NortonLifeLock is coming under fire for its decision late last year to begin installing Ethereum mining software on its Norton 360 customers’ PCs without their permission or knowledge.
Norton Crypto, the new Norton 360 mining component, isn’t enabled without the user opting in, but that hasn’t stopped users from taking to Norton’s Crypto forum to register their discontent, and they aren’t all upset about the sneaky installation.
In Norton Crypto FAQ, its software is opt-in can be disabled in the Norton Crypto dashboard and pays out rewards split between a pool of all its crypto-mining Norton 360 users. One need to do is fire it up and Norton will handle everything else, including thresholds, your wallet and the decision of when/when not to mine. Users are free to transfer their Ethereum out of their Norton wallet and over to Coinbase.
Norton also probably doesn’t want to build more of a reputation as selling software that fries hardware, so they’ve made the requirements for using Norton Crypto somewhat strict: An NVIDIA GPU with at least 6GB of memory, a 1GHz processor, 2GB RAM, Windows 7 SP1 or newer, and it won’t run on Windows 10 in S mode or machines that use ARM processors.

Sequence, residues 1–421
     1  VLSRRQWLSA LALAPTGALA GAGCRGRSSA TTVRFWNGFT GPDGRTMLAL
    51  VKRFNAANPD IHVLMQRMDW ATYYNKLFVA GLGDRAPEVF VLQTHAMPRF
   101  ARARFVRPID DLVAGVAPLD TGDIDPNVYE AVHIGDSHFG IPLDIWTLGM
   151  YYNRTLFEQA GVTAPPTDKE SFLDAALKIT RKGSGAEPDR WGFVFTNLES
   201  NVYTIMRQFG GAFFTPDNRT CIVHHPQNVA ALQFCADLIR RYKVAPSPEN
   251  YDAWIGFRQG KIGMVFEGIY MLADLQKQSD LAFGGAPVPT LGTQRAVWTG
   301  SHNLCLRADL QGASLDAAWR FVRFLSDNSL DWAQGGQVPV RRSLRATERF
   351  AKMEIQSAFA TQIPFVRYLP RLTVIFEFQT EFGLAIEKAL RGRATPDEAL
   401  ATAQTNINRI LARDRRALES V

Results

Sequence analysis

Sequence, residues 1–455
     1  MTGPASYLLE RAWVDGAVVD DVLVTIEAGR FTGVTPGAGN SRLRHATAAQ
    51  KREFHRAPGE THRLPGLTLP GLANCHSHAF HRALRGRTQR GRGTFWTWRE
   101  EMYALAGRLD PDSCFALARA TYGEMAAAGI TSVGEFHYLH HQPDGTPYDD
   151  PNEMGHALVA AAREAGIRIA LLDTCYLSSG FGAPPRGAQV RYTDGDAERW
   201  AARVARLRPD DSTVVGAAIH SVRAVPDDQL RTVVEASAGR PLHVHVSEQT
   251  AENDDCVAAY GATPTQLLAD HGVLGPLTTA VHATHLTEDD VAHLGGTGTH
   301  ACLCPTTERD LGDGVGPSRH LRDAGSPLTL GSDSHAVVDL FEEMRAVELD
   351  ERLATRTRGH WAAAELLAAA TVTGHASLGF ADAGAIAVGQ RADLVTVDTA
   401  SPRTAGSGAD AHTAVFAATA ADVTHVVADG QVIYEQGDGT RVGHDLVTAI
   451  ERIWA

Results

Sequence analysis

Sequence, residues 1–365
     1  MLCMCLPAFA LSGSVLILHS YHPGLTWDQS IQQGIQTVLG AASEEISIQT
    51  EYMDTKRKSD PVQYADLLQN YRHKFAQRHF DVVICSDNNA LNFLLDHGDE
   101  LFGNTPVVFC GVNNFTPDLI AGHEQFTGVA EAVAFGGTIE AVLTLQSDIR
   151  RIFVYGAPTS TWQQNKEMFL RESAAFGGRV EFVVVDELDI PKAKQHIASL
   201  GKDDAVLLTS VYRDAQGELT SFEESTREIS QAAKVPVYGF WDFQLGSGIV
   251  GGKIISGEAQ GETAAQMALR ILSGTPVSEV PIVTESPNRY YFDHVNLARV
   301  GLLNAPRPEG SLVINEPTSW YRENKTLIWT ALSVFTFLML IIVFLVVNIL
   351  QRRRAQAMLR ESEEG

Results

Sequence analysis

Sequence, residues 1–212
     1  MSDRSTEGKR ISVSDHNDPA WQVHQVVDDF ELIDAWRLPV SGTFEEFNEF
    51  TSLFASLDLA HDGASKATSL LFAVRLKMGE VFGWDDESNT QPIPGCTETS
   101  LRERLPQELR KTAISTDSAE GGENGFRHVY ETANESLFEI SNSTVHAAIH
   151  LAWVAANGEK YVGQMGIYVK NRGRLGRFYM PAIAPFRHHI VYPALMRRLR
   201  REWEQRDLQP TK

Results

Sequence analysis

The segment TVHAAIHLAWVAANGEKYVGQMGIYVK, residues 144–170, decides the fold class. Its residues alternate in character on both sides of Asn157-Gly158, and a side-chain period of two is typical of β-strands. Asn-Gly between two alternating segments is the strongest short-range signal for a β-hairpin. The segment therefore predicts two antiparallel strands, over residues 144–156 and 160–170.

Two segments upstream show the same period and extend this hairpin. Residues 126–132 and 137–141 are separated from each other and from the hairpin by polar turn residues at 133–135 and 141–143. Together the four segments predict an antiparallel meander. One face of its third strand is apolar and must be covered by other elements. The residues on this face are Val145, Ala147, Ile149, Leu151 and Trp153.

Norton doesn’t cover any transaction or fees associated with selling or transferring Ethereum out of its wallet to Coinbase. More than one Norton Crypto forum poster said that they were unable to withdraw their balance, as the fees would exceed what they had earned.
A single Ethereum blockchain transaction eats up more than 100,000 Visa card transactions. Miners directly contribute to that level of energy consumption.
Several people have also raised alarms due to the fact that Ncrypt.exe, the actual application doing the mining for Norton 360, can’t be easily uninstalled. Users report having to actually locate Ncrypt.exe and manually delete it with Norton deactivated. There’s no guarantee, that it won’t be automatically reinstalled when Norton 360 is next updated.
Norton said that NCrypt.exe will be reinstalled during a full software update, but that the reinstall won’t turn it back on. The Norton representative also said that NCrypt.exe cannot be run by other processes,if correct, would mean that it hopefully can’t be hijacked by an attacker who manages to break through into your system.